In an ideal world, the web and other digital tools would be equally available to everyone. Unfortunately, that isn’t the case. Projects for digital products tend to focus on primary and secondary users instead of all users.
As a result many users, especially so-called edge-cases such as those with disabilities, are often overlooked and therefore can’t use these products as easily or effectively as the users they’re specifically built for.
However, one way UX designers can contribute to ensuring more inclusivity in their designs is to create user experiences that can be used by the widest number of people possible regardless of factors like disability, race, gender, language or other characteristics.
Creating user experiences that are inclusive should be an important objective of every project, and one way to ensure this happens is by using the seven principles of universal design to guide the design process.
Universal design is one of several approaches to ensuring a design is usable for the widest set of users. However, universal design is unique in that it provides a set of specific principles that can be used to help steer a project from its earliest inception and can be used to evaluate design ideas at each stage of development. In this article, we’ll define universal design and lay out its seven core principles and how they apply to digital experiences. Here’s what we’ll cover:
- What is universal design?
- Universal design vs. inclusive design
- The 7 principles of universal design
- Key takeaways
1. What is universal design?
Universal design was first defined in 1997 by “a working group of architects, product designers, engineers and environmental design researchers” at The Center for Universal Design at North Carolina State University as: “The design of products and environments to be usable by all people, to the greatest extent possible, without the need for adaptation or specialized design.”
This definition is still the standard for universal design today. Despite universal design’s origins in the built environment, it has since branched out and been applied to other kinds of design such as learning and digital technology.
2. Universal design vs. inclusive design
Universal design is often mentioned (or confused) with related concepts like accessibility and inclusive design. While accessibility refers to designs that specifically accommodate those with physical and cognitive disabilities, universal and inclusive design go beyond that. They are both concerned with meeting the needs of as many people as possible no matter their characteristics or identities.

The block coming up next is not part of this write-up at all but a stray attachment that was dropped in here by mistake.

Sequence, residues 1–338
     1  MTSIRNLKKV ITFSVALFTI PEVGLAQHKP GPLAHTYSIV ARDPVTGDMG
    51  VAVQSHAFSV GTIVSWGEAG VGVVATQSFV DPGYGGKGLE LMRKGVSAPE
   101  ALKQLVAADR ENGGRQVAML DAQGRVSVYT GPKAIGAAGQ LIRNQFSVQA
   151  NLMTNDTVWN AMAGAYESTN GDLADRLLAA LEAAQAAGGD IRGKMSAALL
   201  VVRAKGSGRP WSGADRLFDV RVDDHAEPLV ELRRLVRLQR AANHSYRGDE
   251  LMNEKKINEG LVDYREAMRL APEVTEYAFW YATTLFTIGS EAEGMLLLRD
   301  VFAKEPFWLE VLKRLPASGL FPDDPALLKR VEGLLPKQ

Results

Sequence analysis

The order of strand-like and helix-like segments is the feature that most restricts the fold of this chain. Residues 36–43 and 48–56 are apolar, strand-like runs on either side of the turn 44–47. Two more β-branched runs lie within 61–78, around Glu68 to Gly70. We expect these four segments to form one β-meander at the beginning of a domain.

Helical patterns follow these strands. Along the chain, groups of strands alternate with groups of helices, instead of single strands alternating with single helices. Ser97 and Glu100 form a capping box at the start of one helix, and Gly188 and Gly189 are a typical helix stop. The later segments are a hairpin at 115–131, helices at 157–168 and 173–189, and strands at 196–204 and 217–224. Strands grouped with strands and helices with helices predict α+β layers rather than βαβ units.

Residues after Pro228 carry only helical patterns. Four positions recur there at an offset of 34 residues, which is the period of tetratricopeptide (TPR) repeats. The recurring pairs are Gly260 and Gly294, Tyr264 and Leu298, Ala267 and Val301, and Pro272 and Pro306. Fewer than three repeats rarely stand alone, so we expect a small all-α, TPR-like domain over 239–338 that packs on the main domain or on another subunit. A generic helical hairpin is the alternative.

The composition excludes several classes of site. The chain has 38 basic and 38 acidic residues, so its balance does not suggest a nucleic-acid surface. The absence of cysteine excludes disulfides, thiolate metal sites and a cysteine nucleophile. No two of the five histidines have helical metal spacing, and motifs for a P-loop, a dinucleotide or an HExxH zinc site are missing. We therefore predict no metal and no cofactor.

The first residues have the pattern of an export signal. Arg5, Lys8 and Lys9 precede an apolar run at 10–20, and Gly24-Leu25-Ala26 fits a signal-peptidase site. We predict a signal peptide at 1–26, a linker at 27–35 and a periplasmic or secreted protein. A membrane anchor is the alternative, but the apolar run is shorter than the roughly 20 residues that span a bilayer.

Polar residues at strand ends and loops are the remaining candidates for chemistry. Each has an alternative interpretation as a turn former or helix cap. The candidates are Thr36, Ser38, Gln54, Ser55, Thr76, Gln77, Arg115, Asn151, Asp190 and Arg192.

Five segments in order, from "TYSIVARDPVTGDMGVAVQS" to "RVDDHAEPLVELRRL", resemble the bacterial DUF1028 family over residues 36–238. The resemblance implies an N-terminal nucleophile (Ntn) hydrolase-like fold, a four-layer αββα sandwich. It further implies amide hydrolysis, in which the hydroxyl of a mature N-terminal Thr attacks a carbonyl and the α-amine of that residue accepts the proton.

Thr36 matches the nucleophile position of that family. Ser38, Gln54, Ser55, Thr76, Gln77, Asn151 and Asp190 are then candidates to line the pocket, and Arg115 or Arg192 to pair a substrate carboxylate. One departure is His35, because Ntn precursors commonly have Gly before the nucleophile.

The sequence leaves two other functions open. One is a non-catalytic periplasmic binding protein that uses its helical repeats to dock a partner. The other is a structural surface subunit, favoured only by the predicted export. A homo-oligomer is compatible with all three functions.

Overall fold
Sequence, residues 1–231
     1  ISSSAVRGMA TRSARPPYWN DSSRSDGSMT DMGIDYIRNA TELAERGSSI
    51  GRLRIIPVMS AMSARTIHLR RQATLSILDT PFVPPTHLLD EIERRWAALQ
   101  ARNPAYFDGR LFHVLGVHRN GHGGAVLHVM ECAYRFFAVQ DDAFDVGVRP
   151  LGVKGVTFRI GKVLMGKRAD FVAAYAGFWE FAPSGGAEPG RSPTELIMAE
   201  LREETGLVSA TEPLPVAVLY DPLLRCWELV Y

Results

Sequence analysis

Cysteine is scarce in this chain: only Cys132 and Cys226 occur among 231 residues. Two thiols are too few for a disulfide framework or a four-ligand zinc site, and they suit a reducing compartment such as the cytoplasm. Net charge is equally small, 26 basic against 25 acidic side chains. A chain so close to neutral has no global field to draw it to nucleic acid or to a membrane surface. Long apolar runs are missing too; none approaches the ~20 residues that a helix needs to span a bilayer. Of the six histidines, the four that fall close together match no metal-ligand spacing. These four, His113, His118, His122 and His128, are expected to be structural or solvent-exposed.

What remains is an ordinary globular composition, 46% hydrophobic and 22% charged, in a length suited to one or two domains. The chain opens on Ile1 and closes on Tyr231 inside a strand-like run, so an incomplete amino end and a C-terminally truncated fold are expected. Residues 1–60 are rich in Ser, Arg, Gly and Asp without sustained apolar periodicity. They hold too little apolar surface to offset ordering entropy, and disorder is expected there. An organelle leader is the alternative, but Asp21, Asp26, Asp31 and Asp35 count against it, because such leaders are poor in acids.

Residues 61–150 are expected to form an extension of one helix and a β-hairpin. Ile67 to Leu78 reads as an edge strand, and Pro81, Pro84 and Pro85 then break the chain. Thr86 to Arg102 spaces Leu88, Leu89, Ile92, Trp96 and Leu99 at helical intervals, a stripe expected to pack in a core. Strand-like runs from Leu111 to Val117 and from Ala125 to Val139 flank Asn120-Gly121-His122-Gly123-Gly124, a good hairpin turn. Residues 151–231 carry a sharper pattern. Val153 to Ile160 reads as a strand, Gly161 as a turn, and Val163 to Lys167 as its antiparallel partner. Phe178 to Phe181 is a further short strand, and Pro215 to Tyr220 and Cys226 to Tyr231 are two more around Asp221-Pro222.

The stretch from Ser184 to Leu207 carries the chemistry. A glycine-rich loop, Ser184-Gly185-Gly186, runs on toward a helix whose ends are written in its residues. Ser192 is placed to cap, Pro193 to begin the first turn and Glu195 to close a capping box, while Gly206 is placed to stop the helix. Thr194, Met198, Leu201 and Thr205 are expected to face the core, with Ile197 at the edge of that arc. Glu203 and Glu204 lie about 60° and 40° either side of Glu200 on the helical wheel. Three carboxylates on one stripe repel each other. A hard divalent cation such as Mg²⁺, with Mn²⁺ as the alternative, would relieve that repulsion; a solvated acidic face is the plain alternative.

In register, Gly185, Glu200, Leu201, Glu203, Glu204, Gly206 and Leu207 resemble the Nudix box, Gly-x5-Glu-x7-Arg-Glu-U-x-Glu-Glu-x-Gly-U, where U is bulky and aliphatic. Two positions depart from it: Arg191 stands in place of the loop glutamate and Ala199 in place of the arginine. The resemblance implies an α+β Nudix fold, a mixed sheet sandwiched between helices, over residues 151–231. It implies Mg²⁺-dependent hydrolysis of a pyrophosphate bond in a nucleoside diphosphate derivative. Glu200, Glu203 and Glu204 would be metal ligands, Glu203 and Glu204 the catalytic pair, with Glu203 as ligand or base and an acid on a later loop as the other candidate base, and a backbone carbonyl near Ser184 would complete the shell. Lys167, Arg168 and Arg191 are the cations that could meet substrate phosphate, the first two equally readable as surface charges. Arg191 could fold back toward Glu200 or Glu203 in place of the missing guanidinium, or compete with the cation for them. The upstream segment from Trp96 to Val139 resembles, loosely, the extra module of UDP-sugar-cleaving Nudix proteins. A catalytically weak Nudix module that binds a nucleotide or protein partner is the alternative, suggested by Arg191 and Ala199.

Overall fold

Yet, while the two terms are often used interchangeably, they aren’t synonymous. On the one hand, the goal of universal design is to serve as many people as possible by arriving at a single design solution—a goal that inevitably leaves out some users. On the other, the goal of inclusive design is to create designs that won’t exclude or marginalize anyone, which means sometimes more than one solution will be provided to accommodate different users.
In addition, universal design provides a set of principles that can be used to steer a design toward specific objectives, while inclusive design is a method that calls for a diverse set of individuals to participate in the design process. As a result, universal and inclusive design go about creating designs for diverse users in different ways.
3. The 7 principles of universal design
The seven principles of universal design were outlined in the same academic paper in which universal design was defined. Thus, these principles have been around for over two decades and are still considered a useful foundation to apply to any design to ensure it will serve as many people as possible.
Here, the definition of each principle as explained by the original working group is provided, along with a more detailed explanation and an example of the use of the principle that is relevant to UX design.
“The design is useful and marketable to people with diverse abilities.”
Anyone should be able to use a design regardless of who they are and what they’re capable of, no one should be excluded. Perhaps most importantly today, all users should feel like their privacy, safety and security will not be compromised if they use a design.
For example, high contrast should be used in digital designs in order to ensure color-blind users can see all the content on a screen.
Flexibility in use
“The design accommodates a wide range of individual preferences and abilities.”
This principle calls for a design to provide choices that can accommodate or appeal to the most possible users. Users should be able to go at their own pace and accurately complete tasks no matter what their preferred method of doing so.
For example, in addition to audio, closed-captioned subtitles should be available for users who want to read instead of listen to what is said in a video. This is, of course, a necessity for deaf users, but also accommodates the preferences of users who are not deaf.